The name Sinagua was coined by archaeologist Harold Colton, founder of the Museum of Northern Arizona, from the Spanish words sin meaning "without" and agua meaning "water", referring to the name originally given by Spanish explorers to the San Francisco Peaks near Flagstaff, the "Sierra Sin Agua". The name reflects the surprise the Spanish felt that such large mountains did not have perennial rivers flowing from them, as is common in Spain.
The last known evidence of Sinagua occupation for any site comes from Montezuma Castle, around 1425 AD. Like other pre-Columbian cultures in the southwest, the Sinagua apparently abandoned their permanent settlements around this time, though the precise reasons for such a large-scale abandonment are not yet known; resource depletion, drought, and clashes with the newly-arrived Yavapai people have been suggested. Several modern Hopi clans trace their ancestry to immigrants from the Sinagua culture, whom they believe left the Verde Valley for religious reasons.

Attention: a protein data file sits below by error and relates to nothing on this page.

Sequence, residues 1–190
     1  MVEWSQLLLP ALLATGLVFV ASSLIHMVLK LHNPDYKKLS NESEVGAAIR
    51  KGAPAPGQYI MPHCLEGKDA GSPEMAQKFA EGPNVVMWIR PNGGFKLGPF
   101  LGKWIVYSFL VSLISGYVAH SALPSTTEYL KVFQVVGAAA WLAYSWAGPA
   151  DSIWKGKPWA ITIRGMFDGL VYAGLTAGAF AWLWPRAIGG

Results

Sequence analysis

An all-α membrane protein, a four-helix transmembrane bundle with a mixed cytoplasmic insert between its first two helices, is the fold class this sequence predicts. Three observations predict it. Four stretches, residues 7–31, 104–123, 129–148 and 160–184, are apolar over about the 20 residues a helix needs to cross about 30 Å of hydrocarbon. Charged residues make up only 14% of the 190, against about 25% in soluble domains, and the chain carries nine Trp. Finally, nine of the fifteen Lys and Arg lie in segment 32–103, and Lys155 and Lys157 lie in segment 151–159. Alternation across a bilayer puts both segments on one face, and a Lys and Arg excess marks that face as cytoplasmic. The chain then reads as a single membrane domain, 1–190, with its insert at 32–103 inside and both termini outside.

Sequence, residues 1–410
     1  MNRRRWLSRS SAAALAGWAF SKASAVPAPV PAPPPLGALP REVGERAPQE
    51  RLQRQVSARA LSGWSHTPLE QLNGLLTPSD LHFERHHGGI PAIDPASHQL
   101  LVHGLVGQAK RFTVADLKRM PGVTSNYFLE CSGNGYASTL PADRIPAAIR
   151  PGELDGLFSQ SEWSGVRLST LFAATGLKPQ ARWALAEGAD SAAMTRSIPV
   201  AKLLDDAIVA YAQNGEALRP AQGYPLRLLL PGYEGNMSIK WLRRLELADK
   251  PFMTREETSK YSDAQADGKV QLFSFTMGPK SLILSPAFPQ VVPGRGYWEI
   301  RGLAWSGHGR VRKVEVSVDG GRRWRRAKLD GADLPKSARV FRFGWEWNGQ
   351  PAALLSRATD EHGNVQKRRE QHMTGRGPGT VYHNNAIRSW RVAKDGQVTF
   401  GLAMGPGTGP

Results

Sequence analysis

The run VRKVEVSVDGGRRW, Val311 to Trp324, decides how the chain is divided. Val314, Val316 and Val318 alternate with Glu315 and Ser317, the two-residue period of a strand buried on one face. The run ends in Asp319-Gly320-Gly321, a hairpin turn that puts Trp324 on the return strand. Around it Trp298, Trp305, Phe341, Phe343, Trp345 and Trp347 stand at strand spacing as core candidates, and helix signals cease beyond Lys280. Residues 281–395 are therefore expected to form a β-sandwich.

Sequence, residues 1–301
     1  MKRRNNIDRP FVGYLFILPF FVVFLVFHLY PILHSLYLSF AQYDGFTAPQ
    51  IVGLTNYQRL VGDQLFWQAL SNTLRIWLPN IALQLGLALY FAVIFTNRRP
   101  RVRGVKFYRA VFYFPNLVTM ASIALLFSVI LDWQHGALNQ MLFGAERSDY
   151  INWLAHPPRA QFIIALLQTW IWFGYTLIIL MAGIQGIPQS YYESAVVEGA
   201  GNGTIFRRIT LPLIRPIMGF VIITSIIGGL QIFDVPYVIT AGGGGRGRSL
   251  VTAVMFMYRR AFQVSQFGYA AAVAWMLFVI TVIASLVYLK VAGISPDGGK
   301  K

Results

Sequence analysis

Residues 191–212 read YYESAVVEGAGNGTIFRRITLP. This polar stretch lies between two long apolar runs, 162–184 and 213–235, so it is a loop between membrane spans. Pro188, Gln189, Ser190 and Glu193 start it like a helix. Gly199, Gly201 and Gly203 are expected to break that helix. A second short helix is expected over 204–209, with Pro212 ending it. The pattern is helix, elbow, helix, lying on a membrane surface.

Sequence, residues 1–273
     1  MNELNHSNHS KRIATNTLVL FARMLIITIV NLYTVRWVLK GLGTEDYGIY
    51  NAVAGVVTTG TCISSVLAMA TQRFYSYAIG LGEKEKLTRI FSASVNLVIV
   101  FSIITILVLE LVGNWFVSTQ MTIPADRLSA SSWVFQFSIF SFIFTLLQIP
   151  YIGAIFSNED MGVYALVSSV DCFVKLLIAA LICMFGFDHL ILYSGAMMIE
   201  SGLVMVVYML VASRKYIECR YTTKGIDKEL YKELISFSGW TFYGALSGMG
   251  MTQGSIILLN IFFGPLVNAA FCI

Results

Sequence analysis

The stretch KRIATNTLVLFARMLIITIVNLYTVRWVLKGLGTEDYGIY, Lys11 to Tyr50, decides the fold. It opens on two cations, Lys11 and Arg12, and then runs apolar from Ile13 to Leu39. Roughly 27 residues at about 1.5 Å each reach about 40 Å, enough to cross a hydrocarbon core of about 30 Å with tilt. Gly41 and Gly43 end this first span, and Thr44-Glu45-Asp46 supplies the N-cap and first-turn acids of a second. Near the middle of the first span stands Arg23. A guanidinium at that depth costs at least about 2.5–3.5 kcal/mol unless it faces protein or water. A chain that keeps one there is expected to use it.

Montezuma Well is listed in the National Register of Historic Places, reference #66000082.
Cliff dwellings of the Sinagua people.
Close up view of the Cliff dwellings of the Sinagua people.
Diorama showing how the pre-Columbian Sinagua people may have lived in Montezuma Castle, a 22-room cliff dwelling located near Camp Verde, Arizona. The display and its contents are the work of an employee of the Bureau of Land Management.
Pit House ruins of Sinagua people, which dates back to 1050 AD. The two largest holes in the dirt floor held the timber which supported the roof. The holes around the edge reveal the outline of the structure. It is listed in the National Register of Historic Places, reference #66000082.